Whether you’re a farmer who relies on a pond to house fish and provide water for livestock, or a homeowner who enjoys a pond’s ambiance, pond water loss is a problem. A leaking pond not only causes irrigation issues and landscape damage but also increases water usage, which isn’t ideal for the environment or wallet.
Fortunately, stopping leaks is simpler than you may think. You can use a variety of natural ways to stop the water flow. Keep reading for how to seal a pond naturally using different techniques and materials.
What Causes a Pond to Leak?
You might think a decline in water level is related to evaporation, but if the decrease is significant, it’s likely due to leaking.
You may have a seeping pond for any number of reasons, but some of the most common are poor pond construction, penetrable soils or layers like sand and gravel, and thin soil layers containing cracked bedrock or sinkholes.
Faulty liners, tree growth on dikes, and burrowing animals who dig holes through the pond layers can cause water leakage.
Methods Of Sealing A Pond Naturally
Wondering how to seal a pond naturally? Here are some different options using natural methods and materials.
Ponds built in gravel or rock shelves are acceptable to water leaks, so it’s vital to seal the fractured rock or absorbent material with a packed clay blanket. Create a lining of at least 12 inches thick to properly seal the leak.
Look for soil that has a high clay content (at least 10%). If less clay is used, both in content and thickness, the pond may develop another leak, especially if you plan to drain and dry your pond periodically. Although a necessary task for pond fish farmers, draining the pond can lead to large cracks as the bottom dries, leading to water drainage channels.
If clay is readily available in your area, then this may be the least expensive method of sealing a pond naturally. Check the clay content of any soil you play to use.
If you’re using clay to seal a leak in the pond dike, you can drain the pond down to one or two feet below the leakage site, then dig out the surrounding area until you’re several feet back into the dike. You can then fill the trench with clay and compact it every 8-10 inches as you go.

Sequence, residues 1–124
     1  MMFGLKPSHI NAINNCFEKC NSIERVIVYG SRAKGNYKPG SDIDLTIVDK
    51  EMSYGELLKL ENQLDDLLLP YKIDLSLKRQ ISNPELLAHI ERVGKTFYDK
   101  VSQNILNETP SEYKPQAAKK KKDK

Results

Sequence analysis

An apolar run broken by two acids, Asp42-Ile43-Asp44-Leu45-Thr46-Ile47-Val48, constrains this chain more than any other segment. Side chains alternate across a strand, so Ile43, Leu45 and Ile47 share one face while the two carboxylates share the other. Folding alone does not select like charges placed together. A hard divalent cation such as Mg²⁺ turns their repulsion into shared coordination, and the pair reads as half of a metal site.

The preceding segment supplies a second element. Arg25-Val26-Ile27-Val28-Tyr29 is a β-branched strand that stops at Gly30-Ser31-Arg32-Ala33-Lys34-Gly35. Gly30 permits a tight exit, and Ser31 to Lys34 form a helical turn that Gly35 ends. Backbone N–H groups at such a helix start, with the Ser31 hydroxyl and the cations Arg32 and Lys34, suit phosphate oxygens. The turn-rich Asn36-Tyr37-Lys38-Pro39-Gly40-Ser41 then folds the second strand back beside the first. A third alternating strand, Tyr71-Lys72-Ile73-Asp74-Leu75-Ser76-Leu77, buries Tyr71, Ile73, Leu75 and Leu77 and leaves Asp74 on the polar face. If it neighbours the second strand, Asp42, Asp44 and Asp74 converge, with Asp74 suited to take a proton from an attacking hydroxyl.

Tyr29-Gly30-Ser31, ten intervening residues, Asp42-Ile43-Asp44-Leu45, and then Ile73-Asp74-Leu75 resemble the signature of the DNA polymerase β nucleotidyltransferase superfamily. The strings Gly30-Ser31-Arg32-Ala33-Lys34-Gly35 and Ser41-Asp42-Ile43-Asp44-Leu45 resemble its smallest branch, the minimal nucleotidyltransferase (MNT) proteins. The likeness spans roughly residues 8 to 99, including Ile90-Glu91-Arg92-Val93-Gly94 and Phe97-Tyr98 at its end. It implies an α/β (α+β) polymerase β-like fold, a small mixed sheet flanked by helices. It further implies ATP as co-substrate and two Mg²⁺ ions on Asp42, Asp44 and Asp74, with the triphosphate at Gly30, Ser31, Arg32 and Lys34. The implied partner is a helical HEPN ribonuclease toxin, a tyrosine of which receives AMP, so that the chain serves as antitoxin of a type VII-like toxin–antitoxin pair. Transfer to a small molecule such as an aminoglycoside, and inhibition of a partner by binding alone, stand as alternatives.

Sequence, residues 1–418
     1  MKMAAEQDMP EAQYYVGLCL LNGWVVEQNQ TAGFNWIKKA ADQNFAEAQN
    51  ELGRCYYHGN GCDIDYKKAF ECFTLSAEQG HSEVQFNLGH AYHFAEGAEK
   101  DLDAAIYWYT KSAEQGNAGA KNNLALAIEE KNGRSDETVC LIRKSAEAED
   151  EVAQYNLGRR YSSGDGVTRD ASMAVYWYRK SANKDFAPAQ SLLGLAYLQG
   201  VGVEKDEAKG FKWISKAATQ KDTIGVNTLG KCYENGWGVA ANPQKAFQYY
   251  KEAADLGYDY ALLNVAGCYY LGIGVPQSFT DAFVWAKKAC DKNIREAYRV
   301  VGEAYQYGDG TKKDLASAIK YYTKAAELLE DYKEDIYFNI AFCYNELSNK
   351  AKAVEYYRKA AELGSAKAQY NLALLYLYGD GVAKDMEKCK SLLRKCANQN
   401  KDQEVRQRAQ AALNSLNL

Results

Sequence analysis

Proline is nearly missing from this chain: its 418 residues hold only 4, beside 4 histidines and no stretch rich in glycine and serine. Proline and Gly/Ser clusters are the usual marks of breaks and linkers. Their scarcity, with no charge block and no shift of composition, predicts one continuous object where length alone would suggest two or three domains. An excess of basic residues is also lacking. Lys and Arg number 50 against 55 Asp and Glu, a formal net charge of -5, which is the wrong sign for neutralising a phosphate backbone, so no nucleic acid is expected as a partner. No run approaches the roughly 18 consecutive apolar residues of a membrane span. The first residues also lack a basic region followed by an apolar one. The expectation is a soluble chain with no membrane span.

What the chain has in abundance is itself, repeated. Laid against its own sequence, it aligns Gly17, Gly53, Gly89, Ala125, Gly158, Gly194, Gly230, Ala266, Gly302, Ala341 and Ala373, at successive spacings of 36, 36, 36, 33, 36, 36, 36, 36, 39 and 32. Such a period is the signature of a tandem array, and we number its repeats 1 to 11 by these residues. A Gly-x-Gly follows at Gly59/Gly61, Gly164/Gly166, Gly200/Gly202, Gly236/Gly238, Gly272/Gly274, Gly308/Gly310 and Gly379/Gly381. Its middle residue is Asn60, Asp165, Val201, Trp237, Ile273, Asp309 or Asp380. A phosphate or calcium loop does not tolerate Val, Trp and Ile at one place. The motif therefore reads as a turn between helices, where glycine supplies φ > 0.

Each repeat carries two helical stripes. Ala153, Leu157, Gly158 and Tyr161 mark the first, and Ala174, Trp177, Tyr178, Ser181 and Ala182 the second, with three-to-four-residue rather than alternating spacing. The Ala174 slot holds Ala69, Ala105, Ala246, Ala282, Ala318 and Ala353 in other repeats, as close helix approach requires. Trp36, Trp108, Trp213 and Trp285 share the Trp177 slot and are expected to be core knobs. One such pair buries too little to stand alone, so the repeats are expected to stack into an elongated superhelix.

Bentonite, also known as “drillers mud,” is a type of clay formed from weathered volcanic ash. The beauty of bentonite is that it expands when wet, meaning you can apply a layer or blanket of this moist clay to cracks. It will expand 11 to 15 times its original size, successfully plugging the channels between the soil particles and sealing the leak.
To make this impermeable layer, you’ll need to mix the bentonite with sand or soil and water and apply at one to three pounds per square foot. Double the amount if the pond is deep or sitting on porous soil.
There are a few ways to apply bentonite to a leaking pond:
- Drain the pond and spread the bentonite across the pond bottom using a garden spreader or by hand. Then, work the clay mixture into the bottom with a rototiller or disker.
- Mix the bentonite with water to form a slurry and spread over the pond surface from a boat.
- Spread a granular form of bentonite directly over the water. The granules will sink, and the force of the leaking water will draw the bentonite to the sites and seal them.
- Remove four to six inches of soil from the pond bottom and smooth with a roller. Then, apply a blanket layer of bentonite at a rate of one to two pounds per square foot. Create a compacted layer by pressing down the ground; it helps prevent animals from puncturing the seal.
Gleization is the act of using gley, a material produced by mixing fresh livestock manure with grass, leaves, or straw.
Spread a six to nine-inch layer of the mixture over the leakage site, then cover it with cardboard, plastic, or a protective layer of soil to activate a biochemical reaction between the gley and soil. The fermentation will create a bacterial slime that will act as a soil sealant.
After two weeks, remove the protective cover (if using plastic, cardboard, or something other than organic material) and refill the pond.
A traditional method of how to seal a pond naturally is by using hogs or cattle to fertilize and pack down the manure, resulting in a pond sealant similar to gley.
This technique requires you to keep your livestock fenced into the pond area for several months. As the pigs or cattle create manure, they also work the waste into the soil as they walk around and trample the surface.
If cattle or pigs are readily available, the livestock method may be the least expensive way to naturally seal a pond. However, it’s important to make sure the pond seals entirely before use. If the basin isn’t completely sealed before water is put back in, the manure and soil mixture can cause nutrient pollution in the surface or groundwater.
A leaking pond can be a frustrating and expensive experience. It’s always best to build a pond on proper soil and use the correct construction techniques. Clay is the most common way to seal a pond naturally, but bentonite, gley, and livestock have also proven successful methods.
The best technique for you will depend on the severity of the leak and the costs involved. Inspect the pond carefully before deciding on which method to use. The Natural Resources Conservation Service can also provide guidance.
Don’t let a small leak turn into a big problem. Use the techniques above to keep your pond in great shape all year long!